And I heard a loud voice from the throne saying, “Behold, the dwelling place of God is with man. He will dwell with them, and they will be his people, and God himself will be with them as their God. He will wipe away every tear from their eyes, and death shall be no more, neither shall there be mourning, nor crying, nor pain anymore, for the former things have passed away.”

And he who was seated on the throne said, “Behold, I am making all things new.” Also he said, “Write this down, for these words are trustworthy and true.”

There will come a time when God wipes away the tear from every eye. He will assuage our grieving, take away our pain and suffering, and make all things new.

In Psalm 119:75, David writes “I know, O Lord, that your laws are righteous, and in faithfulness you have afflicted me.” God is well aware of the suffering we endure—suffering that is either caused directly by Him, as in David’s situation, or that He allows, as in the case of Job.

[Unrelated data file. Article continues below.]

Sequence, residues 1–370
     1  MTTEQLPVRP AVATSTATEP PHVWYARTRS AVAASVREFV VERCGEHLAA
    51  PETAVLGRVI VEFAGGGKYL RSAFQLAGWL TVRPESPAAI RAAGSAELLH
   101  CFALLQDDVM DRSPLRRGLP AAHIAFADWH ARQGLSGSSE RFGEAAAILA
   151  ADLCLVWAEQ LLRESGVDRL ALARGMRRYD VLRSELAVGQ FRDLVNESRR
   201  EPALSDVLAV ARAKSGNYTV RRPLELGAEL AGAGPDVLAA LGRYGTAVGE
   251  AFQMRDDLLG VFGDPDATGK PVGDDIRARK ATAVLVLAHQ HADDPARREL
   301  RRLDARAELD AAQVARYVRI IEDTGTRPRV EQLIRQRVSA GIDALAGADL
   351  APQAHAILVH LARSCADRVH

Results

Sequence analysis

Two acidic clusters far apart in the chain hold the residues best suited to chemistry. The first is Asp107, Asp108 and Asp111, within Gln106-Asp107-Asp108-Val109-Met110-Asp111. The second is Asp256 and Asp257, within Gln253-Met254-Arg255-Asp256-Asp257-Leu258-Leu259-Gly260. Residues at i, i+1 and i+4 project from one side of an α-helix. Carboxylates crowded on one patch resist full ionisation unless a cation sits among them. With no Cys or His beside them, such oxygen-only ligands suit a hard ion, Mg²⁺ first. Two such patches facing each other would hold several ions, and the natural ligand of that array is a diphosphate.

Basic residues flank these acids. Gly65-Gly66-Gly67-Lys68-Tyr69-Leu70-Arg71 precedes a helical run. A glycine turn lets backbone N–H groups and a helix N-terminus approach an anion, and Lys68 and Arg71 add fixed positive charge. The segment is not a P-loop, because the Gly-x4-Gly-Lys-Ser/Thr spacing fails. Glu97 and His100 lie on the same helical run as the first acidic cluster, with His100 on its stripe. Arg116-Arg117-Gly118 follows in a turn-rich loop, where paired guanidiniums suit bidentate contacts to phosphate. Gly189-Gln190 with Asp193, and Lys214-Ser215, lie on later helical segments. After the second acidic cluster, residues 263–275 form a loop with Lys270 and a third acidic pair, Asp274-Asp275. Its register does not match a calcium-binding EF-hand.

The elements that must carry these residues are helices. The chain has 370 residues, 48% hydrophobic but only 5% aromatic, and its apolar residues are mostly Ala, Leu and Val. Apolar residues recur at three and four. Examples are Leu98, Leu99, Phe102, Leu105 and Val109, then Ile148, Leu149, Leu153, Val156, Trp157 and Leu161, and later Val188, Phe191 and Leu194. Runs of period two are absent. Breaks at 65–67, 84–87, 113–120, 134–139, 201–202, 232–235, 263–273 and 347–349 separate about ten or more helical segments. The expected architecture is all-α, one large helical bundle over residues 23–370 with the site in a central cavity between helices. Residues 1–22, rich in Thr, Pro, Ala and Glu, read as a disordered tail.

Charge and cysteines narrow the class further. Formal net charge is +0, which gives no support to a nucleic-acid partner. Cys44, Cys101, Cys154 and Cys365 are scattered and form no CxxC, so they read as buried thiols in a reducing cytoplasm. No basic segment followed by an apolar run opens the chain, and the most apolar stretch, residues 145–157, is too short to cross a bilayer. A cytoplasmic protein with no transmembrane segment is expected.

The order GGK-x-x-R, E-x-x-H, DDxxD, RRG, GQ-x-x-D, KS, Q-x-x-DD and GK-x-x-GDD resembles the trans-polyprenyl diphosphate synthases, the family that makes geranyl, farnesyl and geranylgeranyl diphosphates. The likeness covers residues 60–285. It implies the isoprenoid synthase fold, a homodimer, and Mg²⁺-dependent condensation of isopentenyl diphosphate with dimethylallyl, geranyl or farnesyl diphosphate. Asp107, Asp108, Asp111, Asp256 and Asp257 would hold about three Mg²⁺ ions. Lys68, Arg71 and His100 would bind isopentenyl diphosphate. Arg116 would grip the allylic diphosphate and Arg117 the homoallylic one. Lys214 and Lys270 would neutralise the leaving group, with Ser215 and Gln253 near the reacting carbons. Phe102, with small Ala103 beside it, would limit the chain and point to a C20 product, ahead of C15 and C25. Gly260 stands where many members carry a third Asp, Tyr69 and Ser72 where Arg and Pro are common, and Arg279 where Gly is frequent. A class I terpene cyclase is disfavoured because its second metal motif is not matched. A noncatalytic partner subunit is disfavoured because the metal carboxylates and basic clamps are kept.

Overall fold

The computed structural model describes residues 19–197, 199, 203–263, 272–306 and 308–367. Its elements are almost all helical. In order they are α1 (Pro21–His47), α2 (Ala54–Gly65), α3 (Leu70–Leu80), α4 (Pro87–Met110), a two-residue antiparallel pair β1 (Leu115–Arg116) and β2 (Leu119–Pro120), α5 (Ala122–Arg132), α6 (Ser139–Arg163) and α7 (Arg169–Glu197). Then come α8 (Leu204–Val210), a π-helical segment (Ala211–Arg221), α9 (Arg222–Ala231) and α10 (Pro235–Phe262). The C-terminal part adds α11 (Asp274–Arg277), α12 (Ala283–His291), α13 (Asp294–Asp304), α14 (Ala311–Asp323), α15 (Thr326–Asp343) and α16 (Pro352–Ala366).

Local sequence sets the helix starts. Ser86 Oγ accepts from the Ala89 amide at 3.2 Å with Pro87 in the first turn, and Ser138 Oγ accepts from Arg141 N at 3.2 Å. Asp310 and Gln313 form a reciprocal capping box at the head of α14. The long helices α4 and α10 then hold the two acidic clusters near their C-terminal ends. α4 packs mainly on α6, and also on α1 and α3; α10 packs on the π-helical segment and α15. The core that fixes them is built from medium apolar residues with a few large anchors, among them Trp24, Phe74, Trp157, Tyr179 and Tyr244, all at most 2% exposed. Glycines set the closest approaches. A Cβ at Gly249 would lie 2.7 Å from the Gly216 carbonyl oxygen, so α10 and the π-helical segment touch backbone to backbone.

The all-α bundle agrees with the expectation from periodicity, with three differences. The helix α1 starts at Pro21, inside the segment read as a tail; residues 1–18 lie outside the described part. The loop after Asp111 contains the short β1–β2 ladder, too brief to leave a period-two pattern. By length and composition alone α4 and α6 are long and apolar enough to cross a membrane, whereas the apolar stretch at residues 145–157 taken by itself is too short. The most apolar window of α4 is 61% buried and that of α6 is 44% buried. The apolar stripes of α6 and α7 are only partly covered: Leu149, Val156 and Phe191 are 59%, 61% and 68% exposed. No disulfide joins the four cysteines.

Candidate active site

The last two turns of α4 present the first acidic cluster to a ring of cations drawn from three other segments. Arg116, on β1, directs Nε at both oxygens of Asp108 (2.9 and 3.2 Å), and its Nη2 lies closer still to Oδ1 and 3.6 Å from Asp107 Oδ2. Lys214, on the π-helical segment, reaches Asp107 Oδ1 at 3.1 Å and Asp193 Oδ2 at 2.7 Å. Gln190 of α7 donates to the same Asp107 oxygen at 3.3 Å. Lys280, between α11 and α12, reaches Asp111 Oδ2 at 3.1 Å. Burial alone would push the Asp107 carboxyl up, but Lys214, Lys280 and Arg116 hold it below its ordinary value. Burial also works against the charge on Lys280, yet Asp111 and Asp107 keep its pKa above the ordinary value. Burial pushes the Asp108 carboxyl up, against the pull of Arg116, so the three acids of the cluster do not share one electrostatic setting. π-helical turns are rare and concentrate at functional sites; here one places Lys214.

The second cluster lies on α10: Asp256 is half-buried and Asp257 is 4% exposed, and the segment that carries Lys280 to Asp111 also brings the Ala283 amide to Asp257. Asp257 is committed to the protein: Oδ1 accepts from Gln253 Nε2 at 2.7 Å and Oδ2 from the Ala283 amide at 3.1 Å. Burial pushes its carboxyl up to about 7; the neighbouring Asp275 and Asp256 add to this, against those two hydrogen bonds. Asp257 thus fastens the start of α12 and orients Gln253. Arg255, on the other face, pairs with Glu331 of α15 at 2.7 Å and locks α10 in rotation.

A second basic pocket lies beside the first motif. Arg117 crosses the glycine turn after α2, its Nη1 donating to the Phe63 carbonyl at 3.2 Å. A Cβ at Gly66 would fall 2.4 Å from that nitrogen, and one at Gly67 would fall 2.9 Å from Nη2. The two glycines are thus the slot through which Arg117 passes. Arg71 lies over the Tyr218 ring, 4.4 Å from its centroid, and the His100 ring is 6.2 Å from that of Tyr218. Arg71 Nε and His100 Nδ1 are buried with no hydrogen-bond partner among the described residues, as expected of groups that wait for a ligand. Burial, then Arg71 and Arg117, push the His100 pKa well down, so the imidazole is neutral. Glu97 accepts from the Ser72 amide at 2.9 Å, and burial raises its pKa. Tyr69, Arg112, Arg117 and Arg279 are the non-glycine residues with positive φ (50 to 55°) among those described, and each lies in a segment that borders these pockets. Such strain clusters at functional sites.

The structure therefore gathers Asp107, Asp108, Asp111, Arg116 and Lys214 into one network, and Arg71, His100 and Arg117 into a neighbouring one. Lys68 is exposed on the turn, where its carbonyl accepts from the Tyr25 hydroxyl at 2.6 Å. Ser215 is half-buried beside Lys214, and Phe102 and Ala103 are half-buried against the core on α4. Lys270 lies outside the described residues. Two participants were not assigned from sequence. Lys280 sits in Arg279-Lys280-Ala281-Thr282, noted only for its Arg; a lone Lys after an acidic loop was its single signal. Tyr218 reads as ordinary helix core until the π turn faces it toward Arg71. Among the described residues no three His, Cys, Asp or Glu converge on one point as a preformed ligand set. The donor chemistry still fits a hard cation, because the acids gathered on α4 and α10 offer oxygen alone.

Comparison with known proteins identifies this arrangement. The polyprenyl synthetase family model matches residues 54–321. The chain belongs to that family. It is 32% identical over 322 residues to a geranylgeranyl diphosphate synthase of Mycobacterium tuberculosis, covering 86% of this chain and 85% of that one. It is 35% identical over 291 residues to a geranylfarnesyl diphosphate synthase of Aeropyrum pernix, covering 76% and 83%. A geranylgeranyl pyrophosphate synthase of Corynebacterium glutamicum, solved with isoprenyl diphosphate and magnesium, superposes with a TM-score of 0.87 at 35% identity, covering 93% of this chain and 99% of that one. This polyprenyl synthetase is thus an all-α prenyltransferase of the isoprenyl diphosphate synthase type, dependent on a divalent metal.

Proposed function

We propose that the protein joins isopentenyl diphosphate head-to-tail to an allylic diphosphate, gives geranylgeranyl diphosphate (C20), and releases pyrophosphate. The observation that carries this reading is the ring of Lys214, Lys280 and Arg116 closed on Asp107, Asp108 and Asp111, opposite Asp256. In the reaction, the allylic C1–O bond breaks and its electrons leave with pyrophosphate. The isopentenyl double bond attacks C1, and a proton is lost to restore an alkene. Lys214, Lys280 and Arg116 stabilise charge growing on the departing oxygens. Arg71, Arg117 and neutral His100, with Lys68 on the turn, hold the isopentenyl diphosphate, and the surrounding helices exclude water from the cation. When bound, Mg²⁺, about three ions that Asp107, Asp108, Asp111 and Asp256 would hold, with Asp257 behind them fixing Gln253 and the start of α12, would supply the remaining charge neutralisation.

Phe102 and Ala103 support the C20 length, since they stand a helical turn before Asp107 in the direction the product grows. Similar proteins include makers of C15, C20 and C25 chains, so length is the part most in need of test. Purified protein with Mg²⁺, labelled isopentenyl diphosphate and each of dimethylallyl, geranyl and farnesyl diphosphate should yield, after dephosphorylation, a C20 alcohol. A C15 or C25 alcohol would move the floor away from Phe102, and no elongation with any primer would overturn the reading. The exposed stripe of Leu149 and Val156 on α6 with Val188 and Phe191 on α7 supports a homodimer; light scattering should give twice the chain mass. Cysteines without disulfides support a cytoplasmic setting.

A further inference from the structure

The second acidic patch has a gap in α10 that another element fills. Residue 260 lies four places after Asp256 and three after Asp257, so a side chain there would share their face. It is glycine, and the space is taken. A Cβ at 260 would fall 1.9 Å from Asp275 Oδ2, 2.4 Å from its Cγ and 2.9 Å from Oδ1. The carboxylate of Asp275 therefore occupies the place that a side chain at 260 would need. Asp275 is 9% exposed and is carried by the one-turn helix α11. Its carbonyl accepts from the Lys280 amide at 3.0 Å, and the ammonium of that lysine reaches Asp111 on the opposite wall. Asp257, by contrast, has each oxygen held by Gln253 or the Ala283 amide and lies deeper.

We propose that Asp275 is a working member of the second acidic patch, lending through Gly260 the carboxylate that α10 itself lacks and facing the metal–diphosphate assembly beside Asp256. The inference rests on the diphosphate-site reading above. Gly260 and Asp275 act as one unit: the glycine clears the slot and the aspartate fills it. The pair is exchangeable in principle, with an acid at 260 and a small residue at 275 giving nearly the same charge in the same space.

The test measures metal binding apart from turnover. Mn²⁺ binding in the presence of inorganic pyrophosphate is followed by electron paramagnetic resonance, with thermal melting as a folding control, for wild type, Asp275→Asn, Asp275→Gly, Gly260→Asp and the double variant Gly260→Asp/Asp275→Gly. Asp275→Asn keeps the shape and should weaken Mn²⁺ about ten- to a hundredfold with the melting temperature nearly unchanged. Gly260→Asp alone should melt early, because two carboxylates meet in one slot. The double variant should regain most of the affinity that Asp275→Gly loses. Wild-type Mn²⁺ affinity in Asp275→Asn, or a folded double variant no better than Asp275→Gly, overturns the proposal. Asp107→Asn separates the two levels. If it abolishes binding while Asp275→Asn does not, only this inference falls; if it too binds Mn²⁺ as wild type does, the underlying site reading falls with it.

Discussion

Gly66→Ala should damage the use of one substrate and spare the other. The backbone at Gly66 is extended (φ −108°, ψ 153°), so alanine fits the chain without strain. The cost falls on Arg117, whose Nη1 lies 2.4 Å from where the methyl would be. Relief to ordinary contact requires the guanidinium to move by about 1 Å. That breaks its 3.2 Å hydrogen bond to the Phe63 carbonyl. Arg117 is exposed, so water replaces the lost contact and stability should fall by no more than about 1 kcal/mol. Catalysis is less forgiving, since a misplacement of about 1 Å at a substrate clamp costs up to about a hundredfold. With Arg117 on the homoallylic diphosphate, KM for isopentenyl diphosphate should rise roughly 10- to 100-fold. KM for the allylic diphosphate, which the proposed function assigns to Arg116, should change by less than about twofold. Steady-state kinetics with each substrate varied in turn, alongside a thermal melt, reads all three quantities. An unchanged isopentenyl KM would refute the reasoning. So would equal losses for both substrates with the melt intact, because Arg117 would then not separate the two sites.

Though suffering is hard, it is certainly not meaningless. If we spend time considering the meaning of our suffering, we can consider what Paul and David are saying about it. Suffering may be inevitable, but it is designed for our good, for our betterment, to make us hopeful.

And I would add that suffering creates so many opportunities for us to care for one another. In practicing acts of mercy, charity, and service, the goodness of God may continuously be demonstrated on the earth.

This article first appeared in print in the Fall 2022 issue of Colloquy, Gutenberg College’s free quarterly newsletter. Subscribe here.